Also, we've played the Trap twice, and defense has lost both times.  I think it's winnable, but nobody's managed it just yet.  So that might be on the agenda for next time.
There was some discussion of starting a proper campaign.  Options mentioned for system included Simplest Campaign System, VBAM, Sovereign Stars, and Battlefleet Gothic's system.  So we'll see if that pans out.

And the scoreboard for this week:
Alex: 0/0/1
Ethan: 1/0/1
Jared: 2/0/0
John: 1/0/0
Matt: 2/0/1
Tim: 1/0/2

And cumulative:
Alex: 1/1/4
Ethan: 1/0/1
Jared: 3/0/0
John: 4/1/1
Matt: 3/2/2
Tim: 2/2/3


chad said...

Thank you for sharing your scenarios. I've saved them to test some day.

When you say "rolled up a huge pile of asteroid fields," to what table were you referring? I've tried to find random Starmada terrain generators online, but I've had no luck. I'm working on one of my own, but don't really want to reinvent the wheel.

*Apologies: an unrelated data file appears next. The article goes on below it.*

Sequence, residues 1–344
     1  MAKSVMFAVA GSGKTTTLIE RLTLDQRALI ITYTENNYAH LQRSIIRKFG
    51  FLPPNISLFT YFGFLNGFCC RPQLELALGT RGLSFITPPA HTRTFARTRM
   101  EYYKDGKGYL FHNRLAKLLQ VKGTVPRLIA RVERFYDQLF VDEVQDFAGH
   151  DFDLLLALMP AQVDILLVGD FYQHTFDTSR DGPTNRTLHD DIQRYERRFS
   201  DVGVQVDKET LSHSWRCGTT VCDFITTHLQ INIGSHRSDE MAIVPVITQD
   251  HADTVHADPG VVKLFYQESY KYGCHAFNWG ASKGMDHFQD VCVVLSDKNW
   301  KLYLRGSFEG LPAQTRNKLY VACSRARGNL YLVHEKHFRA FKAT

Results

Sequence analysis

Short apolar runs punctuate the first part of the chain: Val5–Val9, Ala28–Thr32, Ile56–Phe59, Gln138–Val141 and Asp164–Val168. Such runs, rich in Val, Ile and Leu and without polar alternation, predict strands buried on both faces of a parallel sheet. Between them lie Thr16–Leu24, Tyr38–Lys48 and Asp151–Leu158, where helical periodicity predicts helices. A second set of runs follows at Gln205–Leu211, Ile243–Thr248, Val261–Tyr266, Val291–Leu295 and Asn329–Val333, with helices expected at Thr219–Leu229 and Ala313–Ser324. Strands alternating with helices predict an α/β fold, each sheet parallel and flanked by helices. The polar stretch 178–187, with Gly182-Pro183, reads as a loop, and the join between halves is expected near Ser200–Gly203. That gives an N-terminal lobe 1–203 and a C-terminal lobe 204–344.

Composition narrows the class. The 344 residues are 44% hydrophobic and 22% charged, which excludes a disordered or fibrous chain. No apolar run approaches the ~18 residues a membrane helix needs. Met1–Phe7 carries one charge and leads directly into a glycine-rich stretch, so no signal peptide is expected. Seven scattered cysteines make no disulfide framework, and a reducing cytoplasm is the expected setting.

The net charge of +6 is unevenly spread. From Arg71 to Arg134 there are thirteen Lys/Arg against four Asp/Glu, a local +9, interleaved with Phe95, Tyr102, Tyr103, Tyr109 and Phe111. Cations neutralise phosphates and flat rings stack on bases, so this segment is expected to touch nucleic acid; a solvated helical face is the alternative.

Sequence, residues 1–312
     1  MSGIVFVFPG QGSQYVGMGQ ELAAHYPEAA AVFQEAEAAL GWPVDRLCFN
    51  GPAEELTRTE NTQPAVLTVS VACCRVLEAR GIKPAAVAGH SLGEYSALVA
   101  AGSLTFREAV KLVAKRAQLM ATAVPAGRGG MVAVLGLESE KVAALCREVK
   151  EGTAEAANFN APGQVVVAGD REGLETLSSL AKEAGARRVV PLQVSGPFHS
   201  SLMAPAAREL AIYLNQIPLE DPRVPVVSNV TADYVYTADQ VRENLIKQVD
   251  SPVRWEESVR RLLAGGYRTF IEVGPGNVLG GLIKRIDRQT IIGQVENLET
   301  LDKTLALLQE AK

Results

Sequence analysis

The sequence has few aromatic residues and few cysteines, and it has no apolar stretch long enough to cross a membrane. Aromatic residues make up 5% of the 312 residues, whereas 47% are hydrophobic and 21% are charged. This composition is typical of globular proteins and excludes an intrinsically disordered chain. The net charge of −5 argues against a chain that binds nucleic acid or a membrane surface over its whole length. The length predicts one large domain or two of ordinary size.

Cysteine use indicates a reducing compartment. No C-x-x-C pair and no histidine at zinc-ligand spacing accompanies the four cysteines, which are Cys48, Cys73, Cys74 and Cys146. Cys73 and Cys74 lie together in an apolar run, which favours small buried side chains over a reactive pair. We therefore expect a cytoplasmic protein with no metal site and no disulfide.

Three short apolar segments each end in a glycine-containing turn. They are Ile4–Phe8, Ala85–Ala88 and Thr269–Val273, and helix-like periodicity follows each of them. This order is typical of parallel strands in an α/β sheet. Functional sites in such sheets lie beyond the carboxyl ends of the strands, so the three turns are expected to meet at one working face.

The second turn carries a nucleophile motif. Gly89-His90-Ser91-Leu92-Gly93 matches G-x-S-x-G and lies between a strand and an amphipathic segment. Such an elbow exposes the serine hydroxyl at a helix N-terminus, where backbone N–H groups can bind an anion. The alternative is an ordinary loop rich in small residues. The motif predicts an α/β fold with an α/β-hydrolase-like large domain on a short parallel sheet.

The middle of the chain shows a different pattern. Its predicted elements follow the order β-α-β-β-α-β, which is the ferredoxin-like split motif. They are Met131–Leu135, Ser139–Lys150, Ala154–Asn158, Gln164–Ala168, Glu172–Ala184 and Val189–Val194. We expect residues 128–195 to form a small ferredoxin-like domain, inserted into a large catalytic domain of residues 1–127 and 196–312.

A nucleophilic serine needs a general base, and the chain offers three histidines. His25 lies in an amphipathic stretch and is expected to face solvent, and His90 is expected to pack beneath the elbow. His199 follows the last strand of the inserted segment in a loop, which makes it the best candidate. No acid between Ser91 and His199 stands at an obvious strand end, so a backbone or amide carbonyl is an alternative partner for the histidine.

John said...

Thanks! If you do, drop me a playtest report. I believe at the time we were using the terrain table in Harrigan's campaign system, available at

I later wrote my own campaign system based on Battlefleet Gothic's. While the system had its flaws (too random), the terrain was based on Harrigan's and was pretty decent. It's available at

chad said...

Thank you, John. I'd already seen your campaign, but hadn't noticed the terrain rules or Harrigan's campaign system. If I share my version online, I'll be sure to credit the both of you. :)